My approach to marking throughout the term tends to be more holistic than atomistic; in other words, I don't deduct a 1/4 mark for this or that here and there. I believe my approach is fair and accurate in relation to the learning outcomes associated with communication skills. That is why, at the end of term, I can find myself adjusting a student's mark upward to put them at the next letter grade: I round up at X.5 or higher and round down at X.4 or lower. But, in addition to that, I am not opposed to bumping up further.
I have moved at least one student to an A+ whose mark was a very high A but not within that 0.5 margin. I did so because of the overall quality of the term-long work. My rationale is that any one assignment that got a (relatively speaking) lower grade was an exception; that one assignment caused the student to land on a very solid A but robbed them of an A+. Because the overall quality of the work achieved throughout the term was at an A+ standard, I feel my approach is defensible.
Next month Janine and I are meeting with Dr. Christine Watson, VP Academic, to share the results of our survey on the future of Faculty Fridays. If you haven't already done so, would you please complete this short questionnaire?
Did you happen to catch Paul's email a few weeks ago announcing this year's BRAVO Award winners?
The BRAVO Awards are the highest level of peer-nominated recognition at RRC. Our sincere congratulations to all 2018 winners. Today, we'd like to introduce you to the winners of the Award for Teaching Excellence – Blanche Kingdon and Roger Fitch.
Blanche Kingdon is an Instructor at the Language Training Centre. Her career at the college has focused on English as a Second Language (ESL) – particularly for internationally-educated professionals. Blanche says, "It has been a privilege to interact and facilitate learning for students who have taken substantial risk and shown great courage to immigrate and settle in Canada. I have admired their determination to embrace change and undertake the necessary preparatory steps to be able to enter their professions in Canada."
Blanche says that the key to her success in the classroom is the use of self-assessment and self-reflection as an instructor: "It has been instrumental in helping me to maintain perspective as an educator in a changing world and also helped me to garner insight for developing and facilitating classes and programs relevant to student goals for entering the workplace."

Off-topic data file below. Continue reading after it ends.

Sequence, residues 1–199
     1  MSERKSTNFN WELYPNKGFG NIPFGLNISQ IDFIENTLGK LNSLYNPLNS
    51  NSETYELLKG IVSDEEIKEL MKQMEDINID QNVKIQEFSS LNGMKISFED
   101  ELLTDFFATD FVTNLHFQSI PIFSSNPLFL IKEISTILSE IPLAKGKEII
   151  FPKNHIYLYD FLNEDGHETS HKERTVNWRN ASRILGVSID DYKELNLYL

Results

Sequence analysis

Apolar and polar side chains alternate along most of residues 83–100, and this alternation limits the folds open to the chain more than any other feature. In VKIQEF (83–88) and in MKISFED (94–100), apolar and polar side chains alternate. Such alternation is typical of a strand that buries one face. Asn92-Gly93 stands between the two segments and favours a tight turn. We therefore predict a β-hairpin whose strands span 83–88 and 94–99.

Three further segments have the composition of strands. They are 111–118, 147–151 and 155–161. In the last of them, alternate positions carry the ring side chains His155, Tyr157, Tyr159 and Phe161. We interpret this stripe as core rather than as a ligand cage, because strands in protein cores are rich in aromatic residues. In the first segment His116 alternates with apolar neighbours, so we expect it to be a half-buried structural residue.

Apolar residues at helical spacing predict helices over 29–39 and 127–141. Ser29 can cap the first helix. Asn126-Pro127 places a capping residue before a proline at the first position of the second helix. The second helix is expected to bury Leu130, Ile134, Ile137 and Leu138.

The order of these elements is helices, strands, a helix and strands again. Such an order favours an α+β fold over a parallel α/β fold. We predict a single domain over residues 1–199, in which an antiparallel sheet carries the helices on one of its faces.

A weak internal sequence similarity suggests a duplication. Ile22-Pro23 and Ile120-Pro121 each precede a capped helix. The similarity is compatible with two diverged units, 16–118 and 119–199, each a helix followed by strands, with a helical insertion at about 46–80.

Roger Fitch is an Instructor in the School of Continuing Education, who is guided by the following principles in his teaching:
Roger and Blanche – on behalf of your teaching colleagues, congratulations on this well-deserved recognition!
Next month Amanda and I are meeting with Dr. Christine Watson, VP Academic to share the results of our survey on the future of Faculty Fridays. If you haven't already done so, would you please complete this short
Did you happen to catch last week's Faculty Fridays post? We crowdsourced some excellent suggestions for how to reinvigorate in-class discussions. Amanda and I felt so inspired, we decided to park our planned post for this week and crowdsource another one.
Here is a constant challenge in my classroom: effectively facilitating group work.
I sincerely welcome your suggestions. Please click "sign in" on the top right, and then offer your suggestions through the comment box below the post.
Next week we'll meet the 2018 recipients of the 2018 BRAVO Award for Teaching Excellence – Roger Fitch and Blanche Kingdon. Stay tuned!
Also, if you haven't done so already, please complete our short questionnaire on the future of Faculty Fridays. It will take no more than five minutes. Thank you in advance!
Since Faculty Fridays began last fall, Amanda and I have had a weekly call. Each Tuesday we touch base to edit draft posts, discuss future posts, and so on.
Recently Amanda also shared a classroom challenge. She's concerned about the quality of classroom discussions she is able to generate. She feels the discussions are falling flat and she's finding it difficult to engage students in more than a few basic contributions. She was curious if her skills as a facilitator could use a little tune up.
That got us thinking - why not crowd source some options through this week's blog?
So, today's post is a little different. What suggestions do you have for how Amanda could engage students in more meaningful and sustained classroom discussions? I have the same challenge so I can't wait to see the collective perspective of our readers. Please click "sign in" on the top right, and then offer your suggestions through the comment box below the post.
Do you have a classroom challenge that you'd like advice on? Please share below or email us directly at email@example.com or firstname.lastname@example.org.
Faculty Fridays is a blog to celebrate and nurture good teaching. Together, we'll put a face on teaching for learning at RRC.